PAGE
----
03 Feb
Could bio-technology remove the need for keys, and ultimately make vehicles that much more secure?

Could bio-technology better protect vehicles from thieves?

Fleet managers have their work cut out keeping operations running smoothly. After all, there's general maintenance to consider, business decision makers to answer to and the needs of customers have to be given precedenc as well.

Moreover, there are a raft of financial figures and statistics to be reconciled – especially if the company is to ensure that it's getting the most from its fuel cards. However, there are some factors that are

A total of 21,280 vehicles were stolen across New Zealand in 2014.

simply out of the hands of the average fleet manager.

For instance, if a vehicle is stolen, it can severely limit the company's ability to deliver on its promises from a wider business perspective. While it may sound like a rare occurrence, vehicle theft in New Zealand is, unfortunately, relatively common.

In fact, research published by New Zealand Police explained that some 21,280 vehicles were stolen up and down the country in 2014 – an increase over the previous year and a significant amount more than the record low 17,807 noted in 2012.

Proactive protection

So, what can fleet managers do to protect themselves, and avoid having any of their vehicles become part of those statistics? Well, the general positive news is that modern security systems – such as complex alarms and immobilisers – mean that it's becoming increasingly difficult for criminals to steal vehicles.

In fact, the New Zealand Police figures do show a general decrease in the number of vehicle thefts over the past couple of decades. That general trend is certainly due in part to the work of automotive manufacturers, but it could also be down to an increased amount of savvy from drivers, too.

While technology has changed many aspects of vehicle security, some car thieves are still finding success.While technology has changed many aspects of vehicle security, some car thieves are still finding success.

Naturally, locking vehicles when they're left alone is a must, but more people are becoming aware of the dangers when even stopping temporarily. For example, casual motorists and fleet drivers alike appear to be well aware of the issues posed by thieves at service stations, when leaving a car, van or truck unlocked for a minute or two may be all that's required for a particularly opportunistic thief.

So, while there's certainly a bigger understanding in the wider community of how to combat vehicle theft, are there any developments on the horizon that could change some of those aforementioned statistics for the better?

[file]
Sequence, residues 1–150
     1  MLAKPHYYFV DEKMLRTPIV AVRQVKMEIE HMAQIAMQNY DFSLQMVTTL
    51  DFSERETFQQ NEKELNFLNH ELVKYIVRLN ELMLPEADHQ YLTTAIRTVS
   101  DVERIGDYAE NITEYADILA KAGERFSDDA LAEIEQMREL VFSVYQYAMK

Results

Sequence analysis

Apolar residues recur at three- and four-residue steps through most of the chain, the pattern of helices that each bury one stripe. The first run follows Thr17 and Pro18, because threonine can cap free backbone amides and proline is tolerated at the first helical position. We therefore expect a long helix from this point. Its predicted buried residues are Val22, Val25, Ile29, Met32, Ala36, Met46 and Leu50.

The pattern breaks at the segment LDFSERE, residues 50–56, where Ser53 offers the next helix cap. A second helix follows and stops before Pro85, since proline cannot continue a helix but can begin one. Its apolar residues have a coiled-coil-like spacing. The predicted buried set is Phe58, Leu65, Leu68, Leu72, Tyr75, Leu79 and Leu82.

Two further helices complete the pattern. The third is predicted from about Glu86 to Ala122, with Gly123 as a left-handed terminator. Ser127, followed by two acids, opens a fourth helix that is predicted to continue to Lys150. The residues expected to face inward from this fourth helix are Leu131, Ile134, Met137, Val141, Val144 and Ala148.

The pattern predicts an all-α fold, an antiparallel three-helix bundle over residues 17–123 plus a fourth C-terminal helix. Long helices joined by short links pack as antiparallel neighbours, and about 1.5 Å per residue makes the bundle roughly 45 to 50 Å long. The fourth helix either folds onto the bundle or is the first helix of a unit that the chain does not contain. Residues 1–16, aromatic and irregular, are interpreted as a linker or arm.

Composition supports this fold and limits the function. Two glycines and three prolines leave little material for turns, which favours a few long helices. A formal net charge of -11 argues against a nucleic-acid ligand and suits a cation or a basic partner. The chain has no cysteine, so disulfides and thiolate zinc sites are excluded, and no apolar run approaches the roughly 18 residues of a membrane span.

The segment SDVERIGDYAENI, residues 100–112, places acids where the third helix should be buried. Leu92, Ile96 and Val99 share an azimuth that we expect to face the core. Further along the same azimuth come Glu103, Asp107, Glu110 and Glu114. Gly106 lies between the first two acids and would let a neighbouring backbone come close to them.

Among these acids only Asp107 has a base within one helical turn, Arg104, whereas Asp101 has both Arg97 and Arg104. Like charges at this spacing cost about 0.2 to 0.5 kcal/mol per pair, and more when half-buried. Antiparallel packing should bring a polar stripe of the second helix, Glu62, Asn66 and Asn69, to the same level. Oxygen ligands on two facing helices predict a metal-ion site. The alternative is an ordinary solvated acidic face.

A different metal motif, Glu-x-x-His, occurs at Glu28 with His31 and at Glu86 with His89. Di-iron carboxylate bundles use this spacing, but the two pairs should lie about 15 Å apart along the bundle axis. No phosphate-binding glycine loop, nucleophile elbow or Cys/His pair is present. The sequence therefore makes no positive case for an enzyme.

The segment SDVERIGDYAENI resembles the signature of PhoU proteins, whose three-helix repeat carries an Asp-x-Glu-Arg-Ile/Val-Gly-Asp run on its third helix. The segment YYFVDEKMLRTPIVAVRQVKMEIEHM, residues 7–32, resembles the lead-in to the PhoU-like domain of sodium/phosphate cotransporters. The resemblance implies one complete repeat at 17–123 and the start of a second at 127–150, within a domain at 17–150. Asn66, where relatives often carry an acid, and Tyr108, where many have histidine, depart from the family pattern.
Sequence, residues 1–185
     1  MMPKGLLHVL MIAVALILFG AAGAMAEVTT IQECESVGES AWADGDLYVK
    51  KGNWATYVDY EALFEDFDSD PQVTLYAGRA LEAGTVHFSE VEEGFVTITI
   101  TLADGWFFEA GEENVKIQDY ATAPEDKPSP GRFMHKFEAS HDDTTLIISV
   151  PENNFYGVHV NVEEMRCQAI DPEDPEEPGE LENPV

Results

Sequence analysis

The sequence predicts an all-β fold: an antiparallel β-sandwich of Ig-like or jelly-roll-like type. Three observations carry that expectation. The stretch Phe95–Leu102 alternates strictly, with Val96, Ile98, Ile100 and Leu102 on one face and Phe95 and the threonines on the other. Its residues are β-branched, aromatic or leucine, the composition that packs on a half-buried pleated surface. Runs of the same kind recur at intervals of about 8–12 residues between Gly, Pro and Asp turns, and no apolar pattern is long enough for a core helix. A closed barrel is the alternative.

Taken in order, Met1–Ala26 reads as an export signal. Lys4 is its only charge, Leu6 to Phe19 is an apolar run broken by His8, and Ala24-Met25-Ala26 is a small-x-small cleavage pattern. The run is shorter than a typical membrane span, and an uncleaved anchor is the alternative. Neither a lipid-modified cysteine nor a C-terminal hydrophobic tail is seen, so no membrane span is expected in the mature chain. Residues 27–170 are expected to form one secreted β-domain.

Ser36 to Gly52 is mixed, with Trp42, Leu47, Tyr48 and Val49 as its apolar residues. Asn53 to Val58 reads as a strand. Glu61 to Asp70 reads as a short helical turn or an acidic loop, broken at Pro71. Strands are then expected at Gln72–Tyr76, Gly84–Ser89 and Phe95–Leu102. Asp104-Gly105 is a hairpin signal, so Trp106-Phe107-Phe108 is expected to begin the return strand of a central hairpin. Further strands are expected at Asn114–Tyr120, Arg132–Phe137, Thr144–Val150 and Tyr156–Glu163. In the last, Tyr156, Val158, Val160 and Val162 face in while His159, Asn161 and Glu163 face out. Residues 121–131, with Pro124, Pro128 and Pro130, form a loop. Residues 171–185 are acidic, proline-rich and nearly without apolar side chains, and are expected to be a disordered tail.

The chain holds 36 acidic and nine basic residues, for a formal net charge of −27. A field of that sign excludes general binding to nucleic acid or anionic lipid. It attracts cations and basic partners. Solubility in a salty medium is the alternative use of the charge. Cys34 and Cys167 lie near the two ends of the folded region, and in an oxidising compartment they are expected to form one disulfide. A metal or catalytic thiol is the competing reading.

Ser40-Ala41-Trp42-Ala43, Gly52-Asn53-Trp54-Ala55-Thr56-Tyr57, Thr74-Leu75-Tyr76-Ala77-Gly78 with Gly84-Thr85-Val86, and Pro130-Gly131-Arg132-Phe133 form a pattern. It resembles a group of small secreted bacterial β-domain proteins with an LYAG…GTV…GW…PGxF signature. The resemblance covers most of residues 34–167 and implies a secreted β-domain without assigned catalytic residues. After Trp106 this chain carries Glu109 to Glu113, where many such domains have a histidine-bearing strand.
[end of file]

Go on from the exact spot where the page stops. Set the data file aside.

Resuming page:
Bio-technology and security

Well, automotive giant Ford has recently patented a piece of bio-technology that could well be incorporated into the security systems of its vehicles in the future. BiometricUpdate.com explained that the company first devised the system back in 2012, but was only granted permission to use it exclusively and make it their own in January 2015.

So, how does it work? Well, as the name suggests, bio-technology security systems would require unique data from the driver to allow the vehicle to function. The patent granted to Ford covers everything from retinal scans to fingerprint and voice recognition systems.

Biometrics such as retinal scans are in use across several industries, but are they about to make a splash in the automotive sphere?Biometrics such as retinal scans are in use across several industries, but are they about to make a splash in the automotive sphere?

Most likely, and perhaps the most robust from a security perspective, is a system that encompasses all of these elements and builds a unique profile of the vehicle's owner. In the long term, it appears as though the ultimate aim of Ford – and many other vehicle manufacturers for that matter – will be to eliminate the need for keys altogether.

The concept has already been proven to an extent in consumer tech, with smartphones and laptops including fingerprint scanners. However, while it's likely to be largely adapted and included in many new vehicles going forward, the amount of time it will take bio-technology systems to become the norm remains to be seen.

However, the benefits it offers to security are increasingly wide-ranging, and will likely be part of the reason both individuals and fleet managers demand it as a feature of their vehicles in the not too distant future.